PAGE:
How did you research the mythology and culture in the book? How long did it take you to draft the first book, including research?

First of all we read every book we could lay our hands on.  Then we realized that a lot of the books were out of date and read the new crop of books. A big breakthrough came when Jon did a course at Harvard on reading and writing Maya glyphs.  Through that he met a very cool professor named Dr Marc Zender who agreed to check all our facts for us.  In all, Book 1 probably took about four years to write.  We must have written twenty drafts. Since we began, we’ve made several trips down to Belize, Guatemala and Mexico, where we’ve talked to contemporary Maya people, canoed underground rivers, tracked howler monkeys, explored cave systems and visited about 30 Maya sites – so far!


Was the research difficult? I know that when I look for mythology and information to share with my students, it can be difficult to find sources of information. When I do find it, it tends to be in Spanish or a Mesoamerican language. Do you speak Spanish or any of the Mesoamerican languages?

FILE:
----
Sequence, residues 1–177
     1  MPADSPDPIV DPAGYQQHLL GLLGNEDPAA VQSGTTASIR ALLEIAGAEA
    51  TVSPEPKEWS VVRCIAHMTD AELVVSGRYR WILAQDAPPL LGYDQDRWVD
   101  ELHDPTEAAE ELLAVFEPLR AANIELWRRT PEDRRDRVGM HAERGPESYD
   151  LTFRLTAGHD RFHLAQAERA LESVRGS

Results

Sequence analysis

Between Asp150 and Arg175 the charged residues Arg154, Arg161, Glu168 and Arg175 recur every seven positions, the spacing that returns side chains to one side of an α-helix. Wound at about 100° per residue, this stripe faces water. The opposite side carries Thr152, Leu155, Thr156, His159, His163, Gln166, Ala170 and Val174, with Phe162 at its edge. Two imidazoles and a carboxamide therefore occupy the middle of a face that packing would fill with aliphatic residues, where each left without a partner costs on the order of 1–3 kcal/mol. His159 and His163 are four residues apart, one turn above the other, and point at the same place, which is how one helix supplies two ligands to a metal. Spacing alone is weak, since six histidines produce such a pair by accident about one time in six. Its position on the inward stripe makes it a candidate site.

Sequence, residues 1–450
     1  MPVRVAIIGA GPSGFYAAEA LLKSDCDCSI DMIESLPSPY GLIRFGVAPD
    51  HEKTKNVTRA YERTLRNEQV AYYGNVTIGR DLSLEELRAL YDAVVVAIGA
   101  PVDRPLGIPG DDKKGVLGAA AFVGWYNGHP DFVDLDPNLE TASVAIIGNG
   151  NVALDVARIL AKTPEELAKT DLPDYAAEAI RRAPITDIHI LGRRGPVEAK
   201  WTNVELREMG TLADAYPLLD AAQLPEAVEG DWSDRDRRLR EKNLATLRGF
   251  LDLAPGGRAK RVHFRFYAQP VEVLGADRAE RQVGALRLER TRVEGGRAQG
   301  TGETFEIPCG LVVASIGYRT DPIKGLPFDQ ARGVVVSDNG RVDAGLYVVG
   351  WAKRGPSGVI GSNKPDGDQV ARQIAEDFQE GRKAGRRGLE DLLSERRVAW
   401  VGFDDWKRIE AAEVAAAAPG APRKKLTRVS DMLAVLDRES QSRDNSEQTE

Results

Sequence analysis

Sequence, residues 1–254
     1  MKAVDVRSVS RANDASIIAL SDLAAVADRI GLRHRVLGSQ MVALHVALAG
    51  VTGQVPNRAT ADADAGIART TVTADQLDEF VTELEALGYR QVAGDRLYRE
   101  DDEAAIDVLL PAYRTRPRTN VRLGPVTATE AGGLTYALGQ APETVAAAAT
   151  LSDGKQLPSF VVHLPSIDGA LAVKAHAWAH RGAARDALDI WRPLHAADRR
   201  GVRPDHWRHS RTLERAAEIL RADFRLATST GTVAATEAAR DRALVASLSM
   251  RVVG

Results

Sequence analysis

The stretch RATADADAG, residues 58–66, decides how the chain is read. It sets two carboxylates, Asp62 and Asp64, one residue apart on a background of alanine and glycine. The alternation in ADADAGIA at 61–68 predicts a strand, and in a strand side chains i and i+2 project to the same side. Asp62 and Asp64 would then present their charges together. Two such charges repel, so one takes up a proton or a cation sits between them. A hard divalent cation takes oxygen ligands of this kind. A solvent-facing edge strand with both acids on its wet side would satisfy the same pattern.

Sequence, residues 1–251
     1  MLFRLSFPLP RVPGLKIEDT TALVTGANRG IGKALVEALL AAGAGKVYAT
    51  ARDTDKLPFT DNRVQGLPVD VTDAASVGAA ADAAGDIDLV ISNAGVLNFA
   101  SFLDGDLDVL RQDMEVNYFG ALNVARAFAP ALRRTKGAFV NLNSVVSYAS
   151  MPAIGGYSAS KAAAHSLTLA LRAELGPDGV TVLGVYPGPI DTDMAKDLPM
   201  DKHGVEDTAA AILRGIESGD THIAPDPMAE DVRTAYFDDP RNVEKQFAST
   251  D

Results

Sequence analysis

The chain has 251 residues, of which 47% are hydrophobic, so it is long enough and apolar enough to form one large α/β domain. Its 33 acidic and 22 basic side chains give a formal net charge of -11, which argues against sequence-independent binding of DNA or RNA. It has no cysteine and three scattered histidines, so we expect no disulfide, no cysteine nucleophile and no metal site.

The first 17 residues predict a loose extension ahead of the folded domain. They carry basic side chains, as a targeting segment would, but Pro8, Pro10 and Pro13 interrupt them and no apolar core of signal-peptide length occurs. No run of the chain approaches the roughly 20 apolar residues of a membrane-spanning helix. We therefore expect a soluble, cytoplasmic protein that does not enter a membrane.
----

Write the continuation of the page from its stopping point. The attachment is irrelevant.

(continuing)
As we’re sure you’ve found in your own research, what makes it difficult is that there’s so much misinformation about the Maya.  The archaeologists have only been able to read the Maya glyphs with any accuracy for the last 30 years – which means that much of what was written before is guesswork and often completely wrong.  The internet is also abuzz with nonsense.  Because the Maya were shrouded in mystery for so long, it seems like people have felt free to project their own perspectives onto them. The only way we’ve found to be sure of using current information is to connect with the archaeologists who are working in the field right now.  We attend lectures and seminars to hear the latest news before it’s published. A great source of information is the annual Maya at the Playa conference in Florida.  And yes, Jon grew up speaking Spanish, so that’s extremely helpful – particularly on our travels in Central America.  Incidentally, we’ve put much of what we’ve learned on a cross-curricular lesson plan CD – free to teachers from www.jaguarstones.com